Friday 6 September 2013

Bullrun & Edgehill: US NSA & UK GCHQ have broken Internet Encryption

I have always suspected this and now according to newly leaked documents by Edward Snowden, the NSA and GCHQ are said to have defeated most of the online encryption used by internet users and the likes of Microsoft, Google, Yahoo and even banks. The usage of supercomputers, court orders and the good old application of pressure to internet service providers, are all said to be tools used to gain access to encrypted data by the government agencies.

"In recent years there has been an aggressive effort, lead by NSA, to make major improvements in defeating network security and privacy involving multiple sources and methods, all of which are extremely sensitive and fragile"

"NSA has introduced the BULLRUN CoI to protect our abilities to defeat the encryption used in network communication technologies"

The US programme name is Bullrun, and is said to have a £150m annual budget, while the UK GCHQ counterpart is called Edgehill. These codewords come from battles in each county's civil wars, not only showing the US-UK collaboration on this, but perhaps is an interesting reflection on the owners of the information they seek to intercept and access.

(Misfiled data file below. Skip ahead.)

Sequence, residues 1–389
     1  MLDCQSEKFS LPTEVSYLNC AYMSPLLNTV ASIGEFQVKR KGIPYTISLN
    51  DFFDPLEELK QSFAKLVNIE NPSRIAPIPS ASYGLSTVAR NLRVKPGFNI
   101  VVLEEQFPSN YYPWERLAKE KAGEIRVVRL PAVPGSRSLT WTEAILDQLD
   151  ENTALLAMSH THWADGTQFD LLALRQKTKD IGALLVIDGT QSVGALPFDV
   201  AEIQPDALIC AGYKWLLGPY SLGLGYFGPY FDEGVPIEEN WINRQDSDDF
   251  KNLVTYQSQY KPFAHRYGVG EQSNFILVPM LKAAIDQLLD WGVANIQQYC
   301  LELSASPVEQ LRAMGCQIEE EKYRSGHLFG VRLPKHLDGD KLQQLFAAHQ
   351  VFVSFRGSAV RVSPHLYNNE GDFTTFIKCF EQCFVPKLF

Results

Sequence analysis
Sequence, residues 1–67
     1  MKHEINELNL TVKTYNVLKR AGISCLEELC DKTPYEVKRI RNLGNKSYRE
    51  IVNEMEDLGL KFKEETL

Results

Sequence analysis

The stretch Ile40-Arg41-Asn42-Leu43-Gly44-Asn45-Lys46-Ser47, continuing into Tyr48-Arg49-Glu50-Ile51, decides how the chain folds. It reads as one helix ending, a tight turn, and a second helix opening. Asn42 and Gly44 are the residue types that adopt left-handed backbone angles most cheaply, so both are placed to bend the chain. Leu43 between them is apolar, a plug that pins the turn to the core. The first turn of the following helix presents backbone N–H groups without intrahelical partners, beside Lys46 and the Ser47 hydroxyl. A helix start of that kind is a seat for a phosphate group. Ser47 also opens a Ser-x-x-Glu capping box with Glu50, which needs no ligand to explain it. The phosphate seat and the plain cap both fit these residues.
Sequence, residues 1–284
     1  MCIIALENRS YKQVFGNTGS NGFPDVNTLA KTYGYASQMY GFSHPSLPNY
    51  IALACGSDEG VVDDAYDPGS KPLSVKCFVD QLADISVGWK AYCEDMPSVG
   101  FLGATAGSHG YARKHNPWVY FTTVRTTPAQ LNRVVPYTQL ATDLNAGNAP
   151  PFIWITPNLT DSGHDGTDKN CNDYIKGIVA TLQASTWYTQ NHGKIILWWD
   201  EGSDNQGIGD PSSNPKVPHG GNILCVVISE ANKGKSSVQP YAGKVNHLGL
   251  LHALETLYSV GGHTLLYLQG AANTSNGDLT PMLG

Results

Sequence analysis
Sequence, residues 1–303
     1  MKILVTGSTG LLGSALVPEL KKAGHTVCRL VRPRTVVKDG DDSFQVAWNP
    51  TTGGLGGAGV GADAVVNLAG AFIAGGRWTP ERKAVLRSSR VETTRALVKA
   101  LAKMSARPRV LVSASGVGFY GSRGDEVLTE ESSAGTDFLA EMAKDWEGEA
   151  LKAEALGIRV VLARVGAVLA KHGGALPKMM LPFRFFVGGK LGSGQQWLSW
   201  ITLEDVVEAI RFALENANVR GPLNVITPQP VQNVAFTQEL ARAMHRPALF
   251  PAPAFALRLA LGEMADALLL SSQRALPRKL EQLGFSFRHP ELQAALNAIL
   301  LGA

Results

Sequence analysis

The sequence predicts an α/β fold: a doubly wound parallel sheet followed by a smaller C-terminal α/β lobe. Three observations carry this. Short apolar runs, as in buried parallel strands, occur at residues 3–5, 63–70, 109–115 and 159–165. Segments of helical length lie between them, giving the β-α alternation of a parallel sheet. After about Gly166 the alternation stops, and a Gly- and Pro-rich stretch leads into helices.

"It is imperative to protect the fact that GCHQ, NSA and their Sigint partners have capabilities against specific network security technologies"

It appears heavy investment into these covert programme started in early 2000, when the US agencies were told they were legally not allow to place backdoors within online systems.

On the British side, it the documentation says the UK had broken 30 VPN links and stated the UK desired to move away from encryption cracking, and to go after the fibre internet traffic, which matches in with my own theory on the PRISM programme.

A statement made by the NSA within the documentation shows their intent, and perhaps makes a good mission statement for the programme, "Every new technology required new expertise in exploiting it, as soon as possible"

This story is going to run over the next few days, so I'm sure more will come out as the documentation is scrutinised.

1 comment:

Lyxol said...

It does not seem strange to me. It's something that was logical to happen even sooner.